• In November an emergency meeting of EU justice and interior ministers discussed the possibility of re-drawing the Schengen zone with leaders posing whether it could become smaller.

He appeared blame Angela Merkel for declaring Germany would welcome 1million migrants, adding: ‘If you say anything in Europe today, a few seconds later it is on the smartphones of people in refugee camps near Libya.’

Nine nations have already requested temporary border controls, and yesterday it was revealed ministers are considering suspending the border-free zone for up to two years.

In Amsterdam on Monday, interior ministers will for the first time look at invoking an emergency clause to bring back checks for a prolonged period – if leaders agree that there are ‘systemic deficiencies’ in the control of the borders.

Macedonian borders reopen for migrants heading to Germany

Influx: Migrants and refugees enter a registration camp after crossing the Greek-Macedonian border

 Migrants and refugees arrive on the Greek island of Lesbos after crossing the Aegean Sea from Turkey

 ‘In no hurry for EU deal’: Cameron addresses Davos audience


 Tory MP Peter Bone said it was now clear people around Europe ‘wanted control’, adding: ‘We should have complete control of our borders and be able to let in exactly who we want. I hope that David Cameron is hammering this argument home in Brussels.’

Tory MEP David Campbell Bannerman said Mr Cameron was now in a ‘very strong position to demand fundamental change’.

But, on a visit to Prague yesterday, the PM gave no indication he will be more ambitious as he seeks changes ahead of Britain’s in/out referendum.

Kept out: A migrant is lowered down from a border fence by a Spanish Civil Guard at the border between Morocco and Spain's north African enclave of Melilla

 Czech prime minister Bohuslav Sobotka played down the prospect of the UK securing a four-year ban on migrants claiming benefits from their arrival in the UK.

Instead, Mr Cameron may have to rely on EU legislation which allows a temporary brake on migration if it is ‘destabilising’ public services.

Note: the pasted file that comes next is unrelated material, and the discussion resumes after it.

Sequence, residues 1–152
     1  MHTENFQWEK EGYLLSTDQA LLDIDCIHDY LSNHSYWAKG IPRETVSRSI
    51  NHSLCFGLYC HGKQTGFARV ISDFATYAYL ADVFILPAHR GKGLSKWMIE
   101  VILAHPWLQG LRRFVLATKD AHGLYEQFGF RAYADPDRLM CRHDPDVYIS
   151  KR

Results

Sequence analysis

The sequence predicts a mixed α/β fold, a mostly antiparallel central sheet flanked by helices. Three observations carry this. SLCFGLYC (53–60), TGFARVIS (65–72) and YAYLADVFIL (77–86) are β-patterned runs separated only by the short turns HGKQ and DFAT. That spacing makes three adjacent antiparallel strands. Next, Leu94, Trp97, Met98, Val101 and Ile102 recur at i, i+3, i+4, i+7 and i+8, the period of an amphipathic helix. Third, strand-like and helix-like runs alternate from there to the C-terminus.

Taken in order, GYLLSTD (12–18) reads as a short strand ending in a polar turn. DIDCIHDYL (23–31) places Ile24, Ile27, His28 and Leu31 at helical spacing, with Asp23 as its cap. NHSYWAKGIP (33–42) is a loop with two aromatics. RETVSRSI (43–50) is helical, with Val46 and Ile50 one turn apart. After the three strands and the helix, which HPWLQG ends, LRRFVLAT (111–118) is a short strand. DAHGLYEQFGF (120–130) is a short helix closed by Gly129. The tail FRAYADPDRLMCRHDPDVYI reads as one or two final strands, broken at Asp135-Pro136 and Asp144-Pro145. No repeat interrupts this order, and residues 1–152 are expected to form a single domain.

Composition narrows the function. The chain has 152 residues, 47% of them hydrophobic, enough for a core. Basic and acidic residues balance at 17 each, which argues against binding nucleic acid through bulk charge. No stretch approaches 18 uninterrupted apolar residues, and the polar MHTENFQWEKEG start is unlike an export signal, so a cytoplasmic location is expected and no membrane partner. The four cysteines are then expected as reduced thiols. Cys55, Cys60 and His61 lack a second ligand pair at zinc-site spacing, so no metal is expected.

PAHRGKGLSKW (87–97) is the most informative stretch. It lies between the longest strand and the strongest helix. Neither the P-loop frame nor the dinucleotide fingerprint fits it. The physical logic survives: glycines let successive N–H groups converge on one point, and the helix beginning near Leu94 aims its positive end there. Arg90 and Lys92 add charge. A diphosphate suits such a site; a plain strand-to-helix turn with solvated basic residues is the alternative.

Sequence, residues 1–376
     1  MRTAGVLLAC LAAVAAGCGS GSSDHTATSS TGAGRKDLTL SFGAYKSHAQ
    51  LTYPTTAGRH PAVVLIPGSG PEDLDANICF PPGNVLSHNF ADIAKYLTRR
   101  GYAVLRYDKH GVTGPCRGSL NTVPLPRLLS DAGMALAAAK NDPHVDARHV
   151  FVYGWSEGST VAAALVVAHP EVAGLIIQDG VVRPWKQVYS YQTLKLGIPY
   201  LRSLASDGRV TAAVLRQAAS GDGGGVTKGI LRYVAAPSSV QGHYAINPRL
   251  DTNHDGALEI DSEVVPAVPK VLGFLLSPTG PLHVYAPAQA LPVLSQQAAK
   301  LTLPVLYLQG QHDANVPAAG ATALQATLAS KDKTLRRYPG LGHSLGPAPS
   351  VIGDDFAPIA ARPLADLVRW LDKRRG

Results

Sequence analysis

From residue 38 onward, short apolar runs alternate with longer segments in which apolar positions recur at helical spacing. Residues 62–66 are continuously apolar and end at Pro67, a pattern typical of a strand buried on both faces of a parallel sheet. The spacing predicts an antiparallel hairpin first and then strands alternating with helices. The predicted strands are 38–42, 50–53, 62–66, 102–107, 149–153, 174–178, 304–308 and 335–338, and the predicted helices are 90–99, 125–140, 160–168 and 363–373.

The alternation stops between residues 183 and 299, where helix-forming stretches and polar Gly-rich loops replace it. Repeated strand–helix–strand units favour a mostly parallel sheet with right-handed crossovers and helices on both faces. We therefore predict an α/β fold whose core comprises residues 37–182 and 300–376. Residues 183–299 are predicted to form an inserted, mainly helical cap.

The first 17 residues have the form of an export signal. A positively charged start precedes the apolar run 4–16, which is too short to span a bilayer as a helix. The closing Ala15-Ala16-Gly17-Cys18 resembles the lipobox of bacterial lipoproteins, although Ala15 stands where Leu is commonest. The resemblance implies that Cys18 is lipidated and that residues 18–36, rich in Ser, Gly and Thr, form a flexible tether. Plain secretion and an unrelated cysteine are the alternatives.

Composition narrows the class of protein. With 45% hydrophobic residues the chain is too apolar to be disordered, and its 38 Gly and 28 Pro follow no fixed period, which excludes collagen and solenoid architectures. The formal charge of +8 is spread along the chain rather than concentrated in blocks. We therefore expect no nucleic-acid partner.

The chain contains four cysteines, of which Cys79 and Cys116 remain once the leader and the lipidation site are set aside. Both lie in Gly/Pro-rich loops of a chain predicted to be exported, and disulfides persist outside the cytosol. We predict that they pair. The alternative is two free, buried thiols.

Eastern European states with large numbers of citizens in the West are adamant they will not accept curbs on in-work benefits that are ‘discriminatory’ against their nationals.

Mr Cameron insisted the four-year proposal was ‘still on the table’, but said he would welcome alternatives.

 Czech PM: Considering emergency brake for social benefits


Upset: Turkey has promised German chancellor Angela Merkel (pictured) it would do ‘everything it could’ to stem the tide of migrants

Upset: Turkey has promised German chancellor Angela Merkel (pictured) it would do ‘everything it could’ to stem the tide of migrants

 It is the first time an EU leader has publicly suggested an emergency brake is on the table – though it has been discussed behind closed doors for months.

But Steve Baker, the Tory MP who chairs Conservatives for Britain, said: ‘The British people want their government to be able to control numbers, not shut the gate when the horse has already bolted.’

Former prime minister Tony Blair yesterday warned the EU would face ‘a huge political problem’ if terrorists were found to be entering Europe among the refugees.

The latest survey for the Independent newspaper by ORB last night revealed 52 per cent believe Britain should stay in Europe – a figure unchanged from last month.

On Thursday, German interior minister Thomas de Maiziere said he could ‘not foresee a moment’ when the emergency measures to suspend Schengen would be lifted. And Swedish and Dutch PMs warned the EU had just weeks to avoid its demise.

 Europe without borders – 1995 Schengen Agreement explained